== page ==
Write descriptive headings, not just descriptive links

Recently I was working on a project which had a big hero-component on almost every page. Initially I marked it up as an h1, until I found out that 99% of the time it was use to display a quote or some fancy marketing slogan. That made me reconsider the use of the H1-element.


Remember when almost every site would have a ton of click here or read more links? People who were using assistive technology were having a hard times using them, as those links were not describing what they were pointing to. Back in those days very few people cared about accessibility or semantics, so not much was done to fix it. Until SEO came along.

SEO saves the day

When search-engines like Google came in the picture it became very important to build your website as good as possible to assure a good position in the search results. In those early days search-engines mainly focused on the plain HTML of a website - as did most assistive technology in those days. So when companies thought they were just improving their websites for their PageRank, they were actually improving it as well for users of AT. A big step forward for semantic and accessible HTML!

Marketing gets involved

As the web exploded, marketing and copywriters got more and more involved. Content is about the only thing on a website which is important, so it’s great that people who know about writing easy and pleasant to read content are involved. However, this also meant that boring but functional texts like Contact, News and Jobs became Stay connected, What we learned today and Do what you are good at.

Structure of a page

The structure of a simple one-page website might start looking something like this:

<header>
    <h1>My Awesome Site</h1>
</header>
<section>
    <h2>What we learned today</h2>
    <p>...</p>
</section>
<section>
    <h2>Do what you are good at</h2>
    <p>...</p>
</section>
<section>
    <h2>Stay connected</h2>
    <p>...</p>
</section>

Now I’m not saying that those titles are bad per se. It’s just that they are not as descriptive as they should be. This might result in people not understanding them correctly. This is especially a problem for users who navigate your content using a screenreader. They can simply press the H-key and get an overview of the headings on the page. What’s clearer?

  • News
  • Jobs
  • Contact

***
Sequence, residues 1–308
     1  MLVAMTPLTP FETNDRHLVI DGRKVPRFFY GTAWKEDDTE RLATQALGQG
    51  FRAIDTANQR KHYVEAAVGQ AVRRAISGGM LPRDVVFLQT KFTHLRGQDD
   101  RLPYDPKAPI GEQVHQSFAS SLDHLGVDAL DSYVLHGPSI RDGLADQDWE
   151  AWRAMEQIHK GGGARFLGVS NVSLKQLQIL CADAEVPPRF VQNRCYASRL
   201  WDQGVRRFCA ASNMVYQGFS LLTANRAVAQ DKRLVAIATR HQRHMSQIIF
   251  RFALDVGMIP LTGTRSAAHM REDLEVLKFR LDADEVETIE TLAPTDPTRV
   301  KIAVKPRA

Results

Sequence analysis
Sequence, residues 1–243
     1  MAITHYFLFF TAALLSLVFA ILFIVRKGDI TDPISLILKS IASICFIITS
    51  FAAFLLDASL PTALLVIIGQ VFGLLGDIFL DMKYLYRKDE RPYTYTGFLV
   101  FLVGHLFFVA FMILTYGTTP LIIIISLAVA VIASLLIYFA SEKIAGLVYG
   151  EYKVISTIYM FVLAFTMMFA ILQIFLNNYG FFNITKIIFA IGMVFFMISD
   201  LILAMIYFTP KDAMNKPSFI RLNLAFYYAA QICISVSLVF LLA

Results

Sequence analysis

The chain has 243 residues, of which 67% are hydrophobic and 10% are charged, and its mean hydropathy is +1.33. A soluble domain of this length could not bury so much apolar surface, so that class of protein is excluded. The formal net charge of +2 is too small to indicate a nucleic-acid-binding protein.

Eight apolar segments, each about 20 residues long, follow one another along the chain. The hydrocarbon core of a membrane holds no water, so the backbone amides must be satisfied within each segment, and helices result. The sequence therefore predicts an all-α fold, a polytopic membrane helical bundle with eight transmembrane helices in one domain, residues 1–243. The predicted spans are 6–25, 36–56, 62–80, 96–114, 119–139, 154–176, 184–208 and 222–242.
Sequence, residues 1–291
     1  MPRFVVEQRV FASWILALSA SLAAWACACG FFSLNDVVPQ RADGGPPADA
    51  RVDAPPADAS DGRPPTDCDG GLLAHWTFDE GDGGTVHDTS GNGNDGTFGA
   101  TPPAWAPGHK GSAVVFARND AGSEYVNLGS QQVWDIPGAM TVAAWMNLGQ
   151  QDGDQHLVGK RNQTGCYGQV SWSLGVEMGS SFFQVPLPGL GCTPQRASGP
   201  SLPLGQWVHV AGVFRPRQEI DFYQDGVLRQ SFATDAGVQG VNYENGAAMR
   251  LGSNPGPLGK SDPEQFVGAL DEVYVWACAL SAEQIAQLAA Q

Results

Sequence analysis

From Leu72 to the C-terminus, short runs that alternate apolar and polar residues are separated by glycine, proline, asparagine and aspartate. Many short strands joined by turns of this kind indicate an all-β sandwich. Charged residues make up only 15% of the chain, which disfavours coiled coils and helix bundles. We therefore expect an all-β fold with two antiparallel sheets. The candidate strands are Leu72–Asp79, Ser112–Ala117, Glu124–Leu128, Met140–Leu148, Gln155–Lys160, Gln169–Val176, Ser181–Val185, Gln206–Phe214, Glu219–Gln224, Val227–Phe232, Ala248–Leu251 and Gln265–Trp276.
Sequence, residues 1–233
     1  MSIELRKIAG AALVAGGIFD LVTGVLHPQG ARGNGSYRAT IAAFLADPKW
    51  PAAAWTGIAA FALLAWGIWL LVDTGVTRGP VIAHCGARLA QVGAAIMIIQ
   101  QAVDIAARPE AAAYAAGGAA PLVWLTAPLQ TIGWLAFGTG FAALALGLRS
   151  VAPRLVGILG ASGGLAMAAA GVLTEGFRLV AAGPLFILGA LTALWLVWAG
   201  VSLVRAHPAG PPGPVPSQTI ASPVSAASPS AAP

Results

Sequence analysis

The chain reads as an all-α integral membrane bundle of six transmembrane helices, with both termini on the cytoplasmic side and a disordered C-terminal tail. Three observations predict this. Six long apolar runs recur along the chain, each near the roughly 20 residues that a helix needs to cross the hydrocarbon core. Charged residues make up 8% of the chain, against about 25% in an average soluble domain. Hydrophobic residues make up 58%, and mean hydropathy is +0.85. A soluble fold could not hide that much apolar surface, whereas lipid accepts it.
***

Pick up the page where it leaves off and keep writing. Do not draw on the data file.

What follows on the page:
or

  • What we learned today
  • Do what you are good at
  • Stay connected

I’m guessing most of you reading this would pick the 1st list, right?

Search engines also profit!

Most of the time the H1 and the title of a page will be the same. So those marketing texts might actually end up in search results as well. What would you click on when looking for a phone number?

Stay Connected - My Awesome Website

Or

Contact - My Awesome Website

I know which one I would click first. I think I’ve made my point? Now, how can we still be friends with the content writers and marketeers in our team, while also satisfying our need for clear headings?

Solutions to the problem

As always, there are multiple ways to solve this problem. These are the solutions I could think of right now, but I’d love to hear your thoughts on the matter!

Group together in a parent element

Some of you might have thought about using the hgroup-element, right? When the HTML5-spec was introduced, an hgroup-element was introduced. The element was specifically created for headers with subheadings: The hgroup element is typically used to group a set of one or more h1-h6 elements — to group, for example, a section title and an accompanying subtitle. That might look something like this:

<hgroup>
    <h2>Contact</h2>
    <h3>Stay connected</h3>
</hgroup>

However, the element was removed from the spec in early 2013. No worries, we can just use a header-element, right?

<header>
    <h2>Contact</h2>
    <h3>Stay connected</h3>
</header>

That’s better. But why should that subtitle be a h3-element? It’s not really a header, right? This way, people using headers to navigate would still be confronted with non-descriptive headers. So it would probably be better to just use another element, like a p.

<header>
    <h2>Contact</h2>
    <p>Stay connected</p>
</header>

Using CSS you can do as you please. You can make the h2 small and the p a lot bigger, or use a bright color on the slogan/subtitle while using a desaturated color on the h2.

Visually hide the real title

If you really don’t want to display the descriptive title, you might use a CSS utility/helper-class in your HTML to hide the contents of the element of screen, but still make them available to tools like screenreaders or search-engines. My former colleague Rik Schennink has written an excellent article about hiding this type of content, which he has named implicit content. A basic example would look like this:

<header>
    <h2 class="visually-hidden">Contact</h2>
    <p>Stay connected</p>
</h2>

Or if you want the subheading to be included in the heading itself:

<h2>
    <span class="visually-hidden">Contact: </span>
    Stay connected
</h2>

Conclusion

Whatever solution you pick, keep in mind that the solutions outlined above do not only make your website easier to understand and use for people using assistive technologies. They make them easier to use for everyone!



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